February 11, 2010
With 600 Chinese students, the university is concerned about the future. The Chinese regime’s vehement opposition to any form of recognition of the Dalai Lama has had repercussions for the University of Calgary (U of C), which awarded the exiled Tibetan leader an honorary degree during his visit to Calgary last September.
Below is an article published by The Epoch Times
The university, which has about 600 students from mainland China and Hong Kong, confirmed last week that it had been removed from the Chinese Ministry of Education's list of accredited institutions last December. The university is now trying to determine what impact this will have.
“Our biggest concern is we don't want to disadvantage current or prospective students or our alumni,” university spokeswoman Colleen Turner told the Calgary Herald. “We knew at the time the decision to bring in the Dalai Lama would not be without controversy. All of that said, the decision to bring in the Dalai Lama was not intended to dishonor or disvalue our relationship with our Chinese partners or the Chinese community,” Turner said.
A call by the Herald to the hotline for Overseas Studies Service Centre in Beijing to inquire about attending U of C got the response, “If you don't already go to that school yet, it is better not to go because you will face risks.” The operator told the caller that if she was already at the University of Calgary, her degree would be certified by the Chinese Ministry of Education, but warned that “the policy might change” in the future.
'If we don’t change China through constructive and substantive engagement, China will change us.'—Dermod Travis, Canada Tibet Committee executive director. The Canada Tibet Committee (CTC) has denounced the delisting, saying the Chinese regime “chooses to bully rather than reason in order to resolve differences.”
“That a foreign power should be so out of touch as to believe that they can intimidate a Canadian university through such tactics would be even more astonishing if it were not the Chinese government doing the intimidating,” said CTC Executive Director Dermod Travis in a statement. U.S. President Barack Obama’s plans to meet with the Dalai Lama later this month has also drawn strong criticism from the Chinese regime, which was already upset with America’s recent $6 billion arms sale to Taiwan.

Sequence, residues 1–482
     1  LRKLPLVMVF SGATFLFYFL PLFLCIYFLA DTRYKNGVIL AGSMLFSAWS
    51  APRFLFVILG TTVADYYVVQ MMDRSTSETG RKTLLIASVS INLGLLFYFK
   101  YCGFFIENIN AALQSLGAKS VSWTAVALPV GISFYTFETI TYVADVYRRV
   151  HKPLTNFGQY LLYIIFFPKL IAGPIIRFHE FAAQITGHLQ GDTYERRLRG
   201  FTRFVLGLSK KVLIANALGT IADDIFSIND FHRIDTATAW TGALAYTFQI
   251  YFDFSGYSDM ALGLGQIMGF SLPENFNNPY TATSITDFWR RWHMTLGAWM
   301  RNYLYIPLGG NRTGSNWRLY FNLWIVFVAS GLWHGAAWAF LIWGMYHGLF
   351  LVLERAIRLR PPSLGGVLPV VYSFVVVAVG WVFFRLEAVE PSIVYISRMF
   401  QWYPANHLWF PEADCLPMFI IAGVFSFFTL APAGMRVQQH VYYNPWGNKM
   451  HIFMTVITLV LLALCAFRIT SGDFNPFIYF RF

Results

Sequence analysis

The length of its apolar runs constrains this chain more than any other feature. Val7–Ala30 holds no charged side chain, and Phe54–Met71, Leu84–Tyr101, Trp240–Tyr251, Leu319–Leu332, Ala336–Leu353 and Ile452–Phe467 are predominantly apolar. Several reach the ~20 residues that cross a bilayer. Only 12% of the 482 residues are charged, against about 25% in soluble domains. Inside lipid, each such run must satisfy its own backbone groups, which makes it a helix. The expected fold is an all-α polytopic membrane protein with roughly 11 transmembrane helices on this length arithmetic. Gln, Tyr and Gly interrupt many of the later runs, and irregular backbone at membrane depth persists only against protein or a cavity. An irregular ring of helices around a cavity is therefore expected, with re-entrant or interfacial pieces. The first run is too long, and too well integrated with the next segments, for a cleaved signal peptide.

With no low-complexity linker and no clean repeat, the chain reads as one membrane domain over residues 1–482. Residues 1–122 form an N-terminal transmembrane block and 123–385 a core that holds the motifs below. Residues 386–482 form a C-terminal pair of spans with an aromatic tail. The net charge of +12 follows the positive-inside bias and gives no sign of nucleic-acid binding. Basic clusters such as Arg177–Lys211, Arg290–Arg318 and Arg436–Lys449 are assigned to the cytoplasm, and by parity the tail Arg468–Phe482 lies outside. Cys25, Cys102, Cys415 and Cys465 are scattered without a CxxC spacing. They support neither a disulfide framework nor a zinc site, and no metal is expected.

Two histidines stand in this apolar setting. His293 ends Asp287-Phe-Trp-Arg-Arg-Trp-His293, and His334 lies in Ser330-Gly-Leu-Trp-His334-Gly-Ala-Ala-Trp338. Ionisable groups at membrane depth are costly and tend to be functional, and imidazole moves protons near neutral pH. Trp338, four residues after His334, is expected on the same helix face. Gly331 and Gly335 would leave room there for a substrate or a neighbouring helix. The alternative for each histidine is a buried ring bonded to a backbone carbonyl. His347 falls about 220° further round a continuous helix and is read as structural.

China’s Foreign Ministry spokesman Ma Zhaoxu said Beijing is firmly opposed to any contact between Obama and the Dalai Lama and warned the visit could further undermine China-U.S. relations. Travis said Western governments need to realize that “if we don’t change China through constructive and substantive engagement, China will change us.”
“The decision to delist the University of Calgary is only the latest illustration of the authoritarian measures that the Chinese government will attempt to export to Western democracies unless we make it abundantly clear that we will not be bullied by authoritarian regimes in our own countries,” he said.
The Dalai Lama has been awarded more than 25 honorary degrees from institutions around the world, including in Canada. In 2006, Canada made him an honorary citizen.
The reason the regime reacted so strongly to U of C in particular could be linked to a generous donation to the university.
Henry Fok Ying-tung, one of Hong Kong's most powerful entrepreneurs who had forged strong ties with Beijing, in 2006 gave the university CAD $2 million (US$1.86 million) toward a new international residence for students and visiting scholars that now bears his name. Fok, who died in 2006 at age 83, was especially close to former Chinese Communist Party head Deng Xiaoping. He was involved in numerous business ventures in China and was also vice president of the National Committee of the Chinese People's Political Consultative Conference—an elite body involved in making important national level political decisions.
Conservative MP Rob Anders, whose riding includes the university area, told the Calgary Herald that any move by China to sanction the university would be “childish.” “That would be kind of cutting off their nose to spite their face. China would be making a mistake to go down that route,” said Anders, who has long opposed China’s occupation of Tibet. “It's obviously a cheap maneuver given the widespread support the Dalai Lama has,” he said. "It seems kind of petty.”
Doug Horner, Alberta's minister of advanced education, said he will look into getting the situation resolved. "We understand both points of view. Obviously, we'd like to see the situation rectified as soon as possible,” he told the Herald. Horner added that although he does not believe the move means Chinese students' degrees won't be recognized, the delisting will mean a reduction in Chinese enrollments at U of C. He said an upcoming trade mission to China planned for later this year could present an opportunity to talk with regime officials about “what we can do to help the situation along.”
Beijing has long sought to vilify Tibet’s widely respected exiled leader in the eyes of the world by branding him a "separatist" who has fomented violent unrest in his home country.
© 2010-2011 UNPO | Webdesign: IBIS Services